While business lending has picked up since the Great Recession, small businesses that need relatively small amounts of capital — especially loans less than $100,000 — are challenged to find affordable options. This is particularly true for businesses with thin or weak credit histories, or those owned by women and entrepreneurs of color. Microfinance institutions focus on reaching these business owners, but face challenges in growing their lending, in part due to the costs associated with making these loans.
In this publication, Joyce Klein and Alan Okagaki explore how US microfinance institutions are pricing loans at higher interest rates as part of their strategy to expand their services and meet the needs of more underserved entrepreneurs.
For lenders with large loan portfolios, charging higher interest rates on their smaller, short-term business loans has a significant impact. Small increases in rates allow microfinance institutions to recoup more of their costs and expand their lending services, giving more underserved entrepreneurs much-needed access to credit. When the loans are properly sized, structured, and underwritten, higher interest rates have minimal impact on the loans’ affordability for borrowers.
To begin addressing the gap in the supply of responsible small-dollar business credit and the challenges that microlenders face in financing the growth of their lending, it is essential to reconsider the role of pricing in scaling the growth of microfinance institutions in the US. This paper explores the unique approach microfinance institutions focused on scale and growth are taking to setting loan prices.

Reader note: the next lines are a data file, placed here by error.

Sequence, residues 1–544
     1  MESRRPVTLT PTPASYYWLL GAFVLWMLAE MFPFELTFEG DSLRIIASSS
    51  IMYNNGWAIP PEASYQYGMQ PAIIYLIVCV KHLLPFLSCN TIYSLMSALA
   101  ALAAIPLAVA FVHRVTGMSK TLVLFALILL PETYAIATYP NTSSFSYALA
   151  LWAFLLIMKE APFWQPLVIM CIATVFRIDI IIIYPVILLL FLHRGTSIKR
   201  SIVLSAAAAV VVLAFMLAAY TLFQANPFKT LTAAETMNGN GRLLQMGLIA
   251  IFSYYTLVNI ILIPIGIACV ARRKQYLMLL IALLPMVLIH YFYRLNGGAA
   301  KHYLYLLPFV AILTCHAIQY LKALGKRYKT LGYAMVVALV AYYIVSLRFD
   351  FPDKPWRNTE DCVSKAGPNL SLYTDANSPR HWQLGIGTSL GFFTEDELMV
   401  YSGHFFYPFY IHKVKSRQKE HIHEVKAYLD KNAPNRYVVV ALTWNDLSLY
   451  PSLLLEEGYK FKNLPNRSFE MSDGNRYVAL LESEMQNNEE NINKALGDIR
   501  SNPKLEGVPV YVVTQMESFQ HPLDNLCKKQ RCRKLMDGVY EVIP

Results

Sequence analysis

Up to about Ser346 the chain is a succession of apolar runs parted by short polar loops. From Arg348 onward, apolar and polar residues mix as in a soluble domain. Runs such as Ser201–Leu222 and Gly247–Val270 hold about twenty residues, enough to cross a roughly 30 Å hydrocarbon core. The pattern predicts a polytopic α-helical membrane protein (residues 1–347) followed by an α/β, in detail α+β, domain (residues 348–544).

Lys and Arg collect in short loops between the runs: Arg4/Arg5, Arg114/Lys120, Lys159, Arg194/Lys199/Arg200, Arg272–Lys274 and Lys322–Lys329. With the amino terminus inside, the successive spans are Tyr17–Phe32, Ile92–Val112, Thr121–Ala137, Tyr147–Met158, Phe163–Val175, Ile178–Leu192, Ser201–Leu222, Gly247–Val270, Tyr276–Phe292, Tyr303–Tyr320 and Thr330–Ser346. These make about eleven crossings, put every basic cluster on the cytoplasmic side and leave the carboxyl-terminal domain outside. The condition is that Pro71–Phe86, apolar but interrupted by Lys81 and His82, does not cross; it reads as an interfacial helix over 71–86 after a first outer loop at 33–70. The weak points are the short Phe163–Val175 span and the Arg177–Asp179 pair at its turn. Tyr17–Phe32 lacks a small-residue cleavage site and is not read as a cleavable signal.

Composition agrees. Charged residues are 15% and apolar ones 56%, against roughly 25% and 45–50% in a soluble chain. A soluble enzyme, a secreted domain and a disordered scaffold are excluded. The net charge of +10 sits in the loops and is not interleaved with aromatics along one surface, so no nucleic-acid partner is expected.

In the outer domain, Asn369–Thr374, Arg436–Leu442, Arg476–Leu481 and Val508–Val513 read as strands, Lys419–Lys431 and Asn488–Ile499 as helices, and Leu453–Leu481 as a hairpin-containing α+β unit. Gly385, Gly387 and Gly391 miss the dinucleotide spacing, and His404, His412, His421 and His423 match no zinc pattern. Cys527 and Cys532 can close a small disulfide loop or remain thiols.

Tweet Loan pricing plays a significant role in determining the scale of microenterprise programs. How should microfinance institutions think about this issue as they work to expand credit to aspiring entrepreneurs?
Tweet Achieving greater scale in microfinance requires confronting the challenging economics of small-dollar business lending. How can institutions set their rates to balance affordability with the ability to generate revenues needed to support growth?
The Business Ownership Initiative works to build understanding and strengthen the role of business ownership as an economic opportunity strategy. BOI is an initiative of the Economic Opportunities Program.
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